Israel: a 2000 year old ritual bath has been moved to a Kibbutz

An ancient ritual bath makes the journey to his new home, a kibbutz.

The kibbutz campaign triumphs in an attempt to shelter ancient Mikveh

A 2,000-year-old ritual bath (mikveh), which provides the first significant evidence of the existence of Jewish farms in Galilee during the Second Temple period, was transferred on Tuesday to Kibbutz Hannaton in Galilee.

The old facility was uncovered during a salvage excavation by the Israeli Antiquities Authority for the construction of a new road intersection near Kibbutz Hannaton and had to be destroyed.  The workers had discovered the remains of a Jewish agricultural farm dating from the Second Temple period, including this well-preserved mikveh . The excavations were carried out with the help of workers from the village of Kfar Manda, students from pre-military preparatory programs and volunteers from the surrounding area, including inhabitants of Kibbutz Hannaton.

Kibbutz residents launched a participatory fundraising campaign to save the ancient mikve and place it next to the modern, functional mikve in the religiously pluralistic kibbutz earlier this year,

With the support of the AAI, the Ministry of Jerusalem and Heritage, Netivei Israel, the Jezreel Valley Regional Council and the inhabitants of the kibbutz, the campaign raised the funds needed to move the ancient mikveh.

According to Abd Elghani Ibrahim and Dr. Walid Atrash, directors of the excavations on behalf of the IAA, “the existence of a mikveh, a purification facility, indicates unequivocally that the inhabitants of the old farm were Jews, who ran a religious and traditional organization. and maintained purity as a commandment of the Torah. Ritual baths were used in the daily life of the Jews from the period of the Second Temple to the present day”.

Ibrahim and Atrash also noted: “The discovery of the Mikveh in the farmhouse changes what we thought we knew about the Jewish way of life in the Second Temple period”.

Until now, we had not discovered any Jewish farms in Galilee. It was considered that Jews in Roman times did not live on farms but in villages or towns. The discovery of the farm at some distance from the village of Shikhin and the large Jewish town of Sepphoris, showed that Jews also settled on farms, which perhaps functioned as the rural hinterland.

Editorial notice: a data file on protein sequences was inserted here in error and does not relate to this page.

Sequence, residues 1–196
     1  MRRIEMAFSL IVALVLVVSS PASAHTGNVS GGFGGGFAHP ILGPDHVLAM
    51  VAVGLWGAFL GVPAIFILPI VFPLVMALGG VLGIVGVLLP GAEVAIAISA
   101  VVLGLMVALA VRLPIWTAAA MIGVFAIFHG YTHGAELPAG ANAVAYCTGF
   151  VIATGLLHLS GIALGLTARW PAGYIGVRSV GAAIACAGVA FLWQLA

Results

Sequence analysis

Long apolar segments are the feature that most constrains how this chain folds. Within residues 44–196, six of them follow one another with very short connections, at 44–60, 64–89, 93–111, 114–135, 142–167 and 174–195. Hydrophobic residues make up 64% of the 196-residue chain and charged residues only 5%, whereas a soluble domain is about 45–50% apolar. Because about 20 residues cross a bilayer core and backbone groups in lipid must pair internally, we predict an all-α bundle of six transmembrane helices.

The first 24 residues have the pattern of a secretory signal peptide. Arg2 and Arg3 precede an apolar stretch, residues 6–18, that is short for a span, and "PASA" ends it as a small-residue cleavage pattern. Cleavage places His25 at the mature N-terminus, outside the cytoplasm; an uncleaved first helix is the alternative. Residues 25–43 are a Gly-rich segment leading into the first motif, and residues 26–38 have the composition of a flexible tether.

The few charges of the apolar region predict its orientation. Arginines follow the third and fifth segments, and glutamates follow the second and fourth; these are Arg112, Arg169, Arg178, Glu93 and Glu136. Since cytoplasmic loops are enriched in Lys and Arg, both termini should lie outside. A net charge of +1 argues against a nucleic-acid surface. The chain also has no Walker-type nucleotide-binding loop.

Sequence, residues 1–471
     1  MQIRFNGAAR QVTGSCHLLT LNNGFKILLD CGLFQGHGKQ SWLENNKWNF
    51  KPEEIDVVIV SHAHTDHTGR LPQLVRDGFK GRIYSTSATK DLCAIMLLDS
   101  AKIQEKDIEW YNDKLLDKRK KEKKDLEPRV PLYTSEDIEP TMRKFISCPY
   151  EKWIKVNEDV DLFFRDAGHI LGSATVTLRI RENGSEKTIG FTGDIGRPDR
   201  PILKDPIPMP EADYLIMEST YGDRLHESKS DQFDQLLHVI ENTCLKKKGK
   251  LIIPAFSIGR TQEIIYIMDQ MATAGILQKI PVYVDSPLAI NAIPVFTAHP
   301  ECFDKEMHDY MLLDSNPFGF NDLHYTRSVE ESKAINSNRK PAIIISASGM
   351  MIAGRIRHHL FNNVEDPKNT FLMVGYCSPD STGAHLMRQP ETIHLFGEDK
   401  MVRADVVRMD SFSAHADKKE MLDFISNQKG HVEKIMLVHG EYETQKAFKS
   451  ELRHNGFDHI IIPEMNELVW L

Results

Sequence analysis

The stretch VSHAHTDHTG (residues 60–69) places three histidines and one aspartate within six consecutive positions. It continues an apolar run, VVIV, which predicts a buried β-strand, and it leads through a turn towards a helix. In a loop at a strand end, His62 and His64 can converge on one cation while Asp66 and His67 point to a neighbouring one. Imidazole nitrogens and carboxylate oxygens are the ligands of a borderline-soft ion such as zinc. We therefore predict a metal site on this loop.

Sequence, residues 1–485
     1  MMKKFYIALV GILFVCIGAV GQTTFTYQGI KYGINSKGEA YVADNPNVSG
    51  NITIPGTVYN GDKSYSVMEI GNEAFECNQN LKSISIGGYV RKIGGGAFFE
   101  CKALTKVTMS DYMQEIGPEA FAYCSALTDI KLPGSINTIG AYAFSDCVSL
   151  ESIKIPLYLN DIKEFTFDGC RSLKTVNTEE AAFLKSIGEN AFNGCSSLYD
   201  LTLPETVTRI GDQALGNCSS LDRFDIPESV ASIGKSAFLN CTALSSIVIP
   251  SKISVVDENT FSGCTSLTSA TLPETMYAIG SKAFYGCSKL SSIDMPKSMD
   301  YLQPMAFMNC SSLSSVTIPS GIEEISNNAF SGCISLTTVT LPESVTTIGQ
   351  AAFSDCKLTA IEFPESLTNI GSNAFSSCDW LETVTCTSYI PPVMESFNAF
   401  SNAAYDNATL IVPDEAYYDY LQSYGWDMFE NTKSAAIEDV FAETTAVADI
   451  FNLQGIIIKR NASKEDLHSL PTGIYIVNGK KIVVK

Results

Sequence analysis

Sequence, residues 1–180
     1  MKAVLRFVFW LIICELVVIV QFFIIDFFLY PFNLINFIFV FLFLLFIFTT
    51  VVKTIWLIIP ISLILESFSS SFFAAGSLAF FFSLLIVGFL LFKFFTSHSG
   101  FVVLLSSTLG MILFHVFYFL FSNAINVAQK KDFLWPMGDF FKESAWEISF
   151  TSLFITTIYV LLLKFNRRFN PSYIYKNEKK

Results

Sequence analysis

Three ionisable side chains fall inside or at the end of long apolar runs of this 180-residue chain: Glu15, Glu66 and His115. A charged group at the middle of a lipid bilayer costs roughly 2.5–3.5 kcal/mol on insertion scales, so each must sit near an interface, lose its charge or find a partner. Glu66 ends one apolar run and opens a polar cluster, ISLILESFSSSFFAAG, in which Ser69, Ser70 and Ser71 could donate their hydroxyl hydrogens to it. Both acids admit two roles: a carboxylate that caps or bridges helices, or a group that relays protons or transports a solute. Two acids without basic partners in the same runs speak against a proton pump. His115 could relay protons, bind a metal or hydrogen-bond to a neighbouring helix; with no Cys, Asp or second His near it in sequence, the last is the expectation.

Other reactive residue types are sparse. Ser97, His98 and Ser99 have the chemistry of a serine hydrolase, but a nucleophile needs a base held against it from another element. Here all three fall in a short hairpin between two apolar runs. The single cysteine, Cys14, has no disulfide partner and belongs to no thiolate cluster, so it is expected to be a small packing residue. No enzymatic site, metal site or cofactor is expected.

About 1700 years have passed since the farm was destroyed by an earthquake and about 1400 years since the site was completely abandoned.

Recently, work has begun on the construction of a large road interchange over the valley and deep foundation trenches have been built in the bedrock to anchor one of the bridge’s support columns.

While archaeologists were excavating next to the construction work, the mikveh was discovered. As it was not possible to preserve the mikveh on the site, the archaeologists proposed the idea of detaching the installation from the rock and transplanting it to a protected site for an exhibition for the benefit of the public.

Over the past week, preparatory work for the transfer has been carried out. The mikveh, which weighs around 57 tonnes, was sawn on all sides, detached from the bedrock and surrounded by a steel cage to protect it and allow it to be hoisted. On Tuesday, as the inhabitants applauded, it was hoisted into the air and carefully deposited in its new location.

Archaeologists have been able to date the Mikveh to the Second Temple period thanks to the grey plaster covering the pool and the width of the staircase leading to it. It is believed that the culture of the area at that time was mainly olive trees or vineyards producing the high quality oil or wine used in the temple. For this reason, the ritual bath could have been used by the farmers, who needed to immerse themselves constantly to avoid making the products unclean.

Similar cases are discussed in the Mishna, the founding text of rabbinic Judaism, which will be compiled in the nearby town of Tzipori some 200 years later.

“From the hill we can see Tzipori as well as Nazareth which is also about 20 minutes away,” said Anat Harrel, a tour guide and member of the kibbutz’s mikve committee. “I often guide Christian tourists and this mikveh dates back to the time of Jesus. Could we tell them that he may have visited this field and spoken to the farmers who used this mikveh?

Other ritual baths from the Second Temple period have been found throughout Israel in recent years. In 2015, during archaeological excavations in an underground cave on the site of a planned kindergarten in Jerusalem, researchers found a ritual bath and an antechamber, decorated with inscriptions and wall paintings. Earlier that year, a family in Jerusalem’s Ein Kerem neighborhood discovered an ancient ritual bath while renovating their home.

Rossella Tercatin contributed to this report.

Source: Alliance Mag

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